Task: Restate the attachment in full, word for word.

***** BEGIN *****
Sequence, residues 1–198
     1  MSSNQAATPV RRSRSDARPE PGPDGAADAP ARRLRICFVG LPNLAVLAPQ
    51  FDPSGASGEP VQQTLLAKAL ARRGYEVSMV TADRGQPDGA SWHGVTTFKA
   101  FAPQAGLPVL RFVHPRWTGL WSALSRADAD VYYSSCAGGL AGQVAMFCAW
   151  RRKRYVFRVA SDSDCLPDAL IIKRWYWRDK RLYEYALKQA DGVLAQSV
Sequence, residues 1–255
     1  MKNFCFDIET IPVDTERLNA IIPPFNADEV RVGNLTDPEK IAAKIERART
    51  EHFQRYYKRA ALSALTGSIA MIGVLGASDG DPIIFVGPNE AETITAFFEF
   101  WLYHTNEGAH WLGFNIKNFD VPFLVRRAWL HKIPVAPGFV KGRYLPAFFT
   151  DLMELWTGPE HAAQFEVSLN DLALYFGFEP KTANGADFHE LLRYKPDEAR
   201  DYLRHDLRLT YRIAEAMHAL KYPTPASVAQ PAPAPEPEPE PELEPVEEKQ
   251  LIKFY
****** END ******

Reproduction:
Sequence, residues 1–198
     1  MSSNQAATPV RRSRSDARPE PGPDGAADAP ARRLRICFVG LPNLAVLAPQ
    51  FDPSGASGEP VQQTLLAKAL ARRGYEVSMV TADRGQPDGA SWHGVTTFKA
   101  FAPQAGLPVL RFVHPRWTGL WSALSRADAD VYYSSCAGGL AGQVAMFCAW
   151  RRKRYVFRVA SDSDCLPDAL IIKRWYWRDK RLYEYALKQA DGVLAQSV
Sequence, residues 1–255
     1  MKNFCFDIET IPVDTERLNA IIPPFNADEV RVGNLTDPEK IAAKIERART
    51  EHFQRYYKRA ALSALTGSIA MIGVLGASDG DPIIFVGPNE AETITAFFEF
   101  WLYHTNEGAH WLGFNIKNFD VPFLVRRAWL HKIPVAPGFV KGRYLPAFFT
   151  DLMELWTGPE HAAQFEVSLN DLALYFGFEP KTANGADFHE LLRYKPDEAR
   201  DYLRHDLRLT YRIAEAMHAL KYPTPASVAQ PAPAPEPEPE PELEPVEEKQ
   251  LIKFY